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Fracking in Ohio

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Fracking in Ohio
(© Andy Arthur/Flickr.com)
Fracking is a commonly-heard term in northeast Ohio these days. But what exactly is this process of extracting petroleum from the earth--and why is it so controversial?

What is Fracking?:

Fracking, technically known as induced hydraulic fracturing, is a process for extracting natural gas by injecting water and chemicals deep into the ground. The pressure induced by the process causes the shale and other rock to fracture, releasing the gas. The water is then extracted underground and the natural gas is brought to the surface using a well. The fracking boom is in full swing in and around Youngstown. A seismic tremor of 4.0 on the Richter scale was reported in December, 2011, re-igniting the fracking debate.

Arguments for Fracking:

There are many arguments for promoting fracking in Ohio. Among these are:
  • The process allows for small pockets of petroleum to be extracted, pockets that wouldn't be feasible using other methods.
  • Fracking gives small farmers an extra source of income. Leases are often worth ten or hundreds of thousands of dollars.
  • Fracking increases the supply of natural gas in Ohio and helps to keep natural gas heat affordable for Ohioans.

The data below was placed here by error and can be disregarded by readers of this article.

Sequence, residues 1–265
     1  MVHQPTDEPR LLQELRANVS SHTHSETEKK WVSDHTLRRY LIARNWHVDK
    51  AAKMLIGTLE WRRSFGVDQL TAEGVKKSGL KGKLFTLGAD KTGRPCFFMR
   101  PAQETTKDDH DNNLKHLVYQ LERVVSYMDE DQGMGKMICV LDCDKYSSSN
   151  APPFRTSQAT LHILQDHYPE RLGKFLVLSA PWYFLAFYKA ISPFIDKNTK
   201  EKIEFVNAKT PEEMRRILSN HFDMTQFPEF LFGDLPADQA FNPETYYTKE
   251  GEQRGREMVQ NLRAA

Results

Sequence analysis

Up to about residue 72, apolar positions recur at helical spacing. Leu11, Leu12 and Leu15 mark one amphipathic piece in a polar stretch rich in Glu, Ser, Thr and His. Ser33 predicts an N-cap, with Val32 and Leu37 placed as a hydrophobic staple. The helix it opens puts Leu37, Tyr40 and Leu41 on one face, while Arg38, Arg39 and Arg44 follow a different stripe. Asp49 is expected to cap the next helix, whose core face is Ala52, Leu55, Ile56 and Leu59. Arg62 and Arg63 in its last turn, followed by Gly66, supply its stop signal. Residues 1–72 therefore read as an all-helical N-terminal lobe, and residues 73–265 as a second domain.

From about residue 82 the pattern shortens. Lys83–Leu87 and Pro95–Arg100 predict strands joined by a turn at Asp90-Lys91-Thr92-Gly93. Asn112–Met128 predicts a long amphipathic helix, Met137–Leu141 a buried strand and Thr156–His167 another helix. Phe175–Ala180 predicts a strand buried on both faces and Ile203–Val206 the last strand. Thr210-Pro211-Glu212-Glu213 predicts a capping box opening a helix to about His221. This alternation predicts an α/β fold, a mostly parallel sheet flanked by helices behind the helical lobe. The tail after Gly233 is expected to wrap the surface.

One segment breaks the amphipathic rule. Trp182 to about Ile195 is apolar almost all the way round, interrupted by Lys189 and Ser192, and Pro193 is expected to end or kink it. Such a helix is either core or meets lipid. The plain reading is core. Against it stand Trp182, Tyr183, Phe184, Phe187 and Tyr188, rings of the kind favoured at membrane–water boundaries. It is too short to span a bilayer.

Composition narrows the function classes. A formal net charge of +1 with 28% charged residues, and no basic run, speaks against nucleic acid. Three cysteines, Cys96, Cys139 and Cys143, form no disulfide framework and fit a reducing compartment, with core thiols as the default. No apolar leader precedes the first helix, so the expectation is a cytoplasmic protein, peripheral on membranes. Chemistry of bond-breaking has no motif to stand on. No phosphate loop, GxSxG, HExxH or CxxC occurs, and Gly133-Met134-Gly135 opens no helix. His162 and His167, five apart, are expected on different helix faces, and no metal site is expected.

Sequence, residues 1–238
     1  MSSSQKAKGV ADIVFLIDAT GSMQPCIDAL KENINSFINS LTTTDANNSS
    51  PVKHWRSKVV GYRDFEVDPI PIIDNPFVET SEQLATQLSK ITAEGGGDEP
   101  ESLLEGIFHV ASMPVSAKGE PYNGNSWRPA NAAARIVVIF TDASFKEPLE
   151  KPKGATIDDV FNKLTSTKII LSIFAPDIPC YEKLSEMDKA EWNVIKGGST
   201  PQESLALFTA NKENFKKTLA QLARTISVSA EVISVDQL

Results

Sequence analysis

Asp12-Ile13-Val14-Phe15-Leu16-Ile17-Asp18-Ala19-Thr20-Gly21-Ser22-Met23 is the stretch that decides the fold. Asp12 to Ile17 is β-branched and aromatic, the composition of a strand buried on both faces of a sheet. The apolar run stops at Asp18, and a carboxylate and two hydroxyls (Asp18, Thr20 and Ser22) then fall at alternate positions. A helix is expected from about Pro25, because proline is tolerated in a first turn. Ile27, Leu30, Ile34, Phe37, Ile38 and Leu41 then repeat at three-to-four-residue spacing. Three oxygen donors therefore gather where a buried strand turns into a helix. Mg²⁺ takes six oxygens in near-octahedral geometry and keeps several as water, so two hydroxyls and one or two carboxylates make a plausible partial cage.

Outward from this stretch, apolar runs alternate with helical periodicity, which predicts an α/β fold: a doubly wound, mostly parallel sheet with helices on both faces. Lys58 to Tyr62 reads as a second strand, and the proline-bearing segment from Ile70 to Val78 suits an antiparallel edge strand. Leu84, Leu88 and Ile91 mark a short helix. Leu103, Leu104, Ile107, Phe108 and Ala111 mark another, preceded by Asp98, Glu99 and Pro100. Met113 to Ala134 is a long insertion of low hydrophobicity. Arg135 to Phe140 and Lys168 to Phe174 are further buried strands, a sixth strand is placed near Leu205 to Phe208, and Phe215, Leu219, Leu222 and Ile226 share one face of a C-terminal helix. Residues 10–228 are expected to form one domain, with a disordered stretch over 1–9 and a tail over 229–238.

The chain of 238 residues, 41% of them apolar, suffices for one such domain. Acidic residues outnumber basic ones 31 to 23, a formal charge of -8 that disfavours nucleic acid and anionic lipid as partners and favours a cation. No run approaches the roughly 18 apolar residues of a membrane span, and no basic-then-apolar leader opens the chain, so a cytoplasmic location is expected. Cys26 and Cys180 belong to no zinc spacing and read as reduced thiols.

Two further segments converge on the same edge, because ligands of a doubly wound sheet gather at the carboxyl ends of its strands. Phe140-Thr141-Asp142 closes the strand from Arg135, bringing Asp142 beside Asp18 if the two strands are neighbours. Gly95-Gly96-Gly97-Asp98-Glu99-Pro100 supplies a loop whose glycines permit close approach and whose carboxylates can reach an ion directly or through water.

Arguments against Fracking:

Of course, there are also many who argue against fracking. Arguments against this practice include:
  • Concern that fracking may trigger earthquakes
  • Injection wells can mar the northeast Ohio landscape.
  • Concern that fracking may contaminate drinking water supplies
  • Concern over environmentally hazardous waste water created during fracking.

Experts Weigh In on Fracking:

  • According to the National Academy of Sciences (June, 2012), only a handful of tremors have been reported in the more than 30,000 extraction sites.
  • A 2012 Columbia University study found that injection wells (fracking) was most likely the cause of the December, 2011 tremor near Youngstown as well as tremors in Colorado, Arkansas and Oklahoma.

The Future of Fracking in Ohio:

The debate over fracking shows no signs of abating anytime soon. Before the Ohio House currently (August, 2012) is a bill that would require oil and gas producers to submit a list of the chemicals used in their fracking operation. Currently, such information is considered proprietary.

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